AVONDALE, Ariz. (AP) — In the end, it was a win for NASCAR. Was it “The Best Season Ever,” as promised by broadcast partner Fox? No. But NASCAR should pop the champagne — everyone else did. Its newest Cup Series champion put together one of the best seasons in NASCAR history and capped it with […]
Column: NASCAR ends season with new champions, new energy
AVONDALE, Ariz. (AP) — In the end, it was a win for NASCAR. Was it “The Best Season Ever,” as promised by broadcast partner Fox? No. But NASCAR should pop the champagne — everyone else did.
Its newest Cup Series champion put together one of the best seasons in NASCAR history and capped it with a proper party at Phoenix Raceway, which finally got to fully showcase its $178 million renovation.
The pandemic limited attendance to just over 8,000 at Phoenix a year ago, when the track hosted its first championship weekend. On Sunday, the sold-out track in the desert had 10 times that number spread through the stands, the infield and the tents lining Rattlesnake Hill.
Kyle Larson capped his comeback from a seven-month NASCAR suspension for using a racial slur with a title-clinching win — his 10th this season, the most since Jimmie Johnson in 2007.
The crowd egged on his wife, Katelyn, as she shot-gunned beers on the championship stage. Larson snagged a Captain Morgan cocktail at “The Barn,” the at-track party-space dreamed up by Jeff Gordon as a spot where winners can share a post-race toast with fans.
Almost two years later, The Barn at last was rocking.
Truck Series champion Ben Rhodes got slightly intoxicated following his Friday night win. Two nights later, Larson told his wife she needed to pace herself; he himself had vowed not to let the crowd draw him into recreating Rhodes’ evening.
“NASCAR fans, they love drinking,” Larson said, half a cocktail sitting next to him.
Larson had plenty of partying ahead of him as NASCAR on Monday whisked him to Los Angeles to promote its new champion. The first stop was a NASCAR celebration during the Charlotte Hornets’ game against the Lakers.
On Tuesday, Larson will tour the Coliseum to promote NASCAR’s newest wild idea: Next season will open with a Feb. 6 exhibition race on a quarter-mile short oval built inside the sprawling venue one week before Los Angeles hosts the Super Bowl less than 10 miles away at SoFi Stadium. Larson, via his new championship, will be the main promoter of NASCAR’s charge into the vast media market.
The year wasn’t perfect for NASCAR, but by the time the flag flew at Phoenix, the sport at least felt a little back to normal. The campgrounds were filled again and fans roamed the garage bays at Phoenix, where anyone with a ticket could get within a few feet of the cars and stars.
The weekend was NASCAR’s biggest event since the 2020 season-opening Daytona 500 before the pandemic.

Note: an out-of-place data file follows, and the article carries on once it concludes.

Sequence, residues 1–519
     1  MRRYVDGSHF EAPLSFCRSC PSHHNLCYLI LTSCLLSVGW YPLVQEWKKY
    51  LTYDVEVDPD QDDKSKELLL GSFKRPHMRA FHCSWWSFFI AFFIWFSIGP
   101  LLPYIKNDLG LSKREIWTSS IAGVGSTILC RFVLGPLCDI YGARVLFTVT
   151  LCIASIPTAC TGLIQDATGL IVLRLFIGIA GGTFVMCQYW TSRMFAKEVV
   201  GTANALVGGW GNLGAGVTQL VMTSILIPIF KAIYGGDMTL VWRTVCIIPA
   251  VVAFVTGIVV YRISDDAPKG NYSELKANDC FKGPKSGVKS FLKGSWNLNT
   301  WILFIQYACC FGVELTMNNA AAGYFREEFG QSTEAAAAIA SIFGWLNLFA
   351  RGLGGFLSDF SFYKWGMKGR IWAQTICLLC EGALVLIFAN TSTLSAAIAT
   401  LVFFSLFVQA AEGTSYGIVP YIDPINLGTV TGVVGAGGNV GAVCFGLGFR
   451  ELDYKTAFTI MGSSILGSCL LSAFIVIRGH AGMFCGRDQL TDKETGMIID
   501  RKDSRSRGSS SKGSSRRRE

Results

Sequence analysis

Larson also gave NASCAR its first Cup champion from its diversity program. He’s half Japanese and the first Asian champion. Bubba Wallace, another graduate of NASCAR’s diversity program, scored his first Cup Series win last month at Talladega.
Larson was suspended all but four races last season for using the slur during an online race. It would have cost him his career had Larson not returned to sprint car racing and also worked off the track to educate himself on social justice issues.
He made it back into NASCAR under the guidance of Rick Hendrick and Gordon, and he’s now beloved by racing fans. His past rarely comes up with the focus now on his mind-boggling success.
Gordon, Tony Stewart and Mario Andretti all consider Larson the most talented driver in motorsports right now, and in the grandstands, that’s all it takes. The 29-year-old Larson dazzles everywhere, from the biggest stages to the grassroots rural racetracks, and if given the opportunity to drive a race-winning car in the Indianapolis 500, he said he’d try that, too.
Larson will help usher in the overdue Next Gen car, set to debut at the Daytona 500. Much is tied to the success of this car, which was delayed a year because of the pandemic, and NASCAR hopes better competition, new markets and the introduction of new stars will build momentum for a series many saw as dying just a few years ago.
“We are a stronger sport today than we were pre-pandemic. I would argue with anyone who would say otherwise,” NASCAR President Steve Phelps said ahead of the finale.
There is work ahead: Phelps said the industry-wide vaccination rate is “not high enough”; he doesn’t know if the pandemic has delayed the reconfiguration of Auto Club Speedway outside of Los Angeles; and NASCAR wants nothing to do with the “Let’s go, Brandon!” conservative political cry that was derived from a NASCAR race and is now one of the most prevalent slogans sported by spectators at the tracks.
But otherwise, NASCAR waved the final checkered flag on another long season and did it on a high. The right guy won and Larson proved that NASCAR can be a place for second chances.
The next season just three months away.
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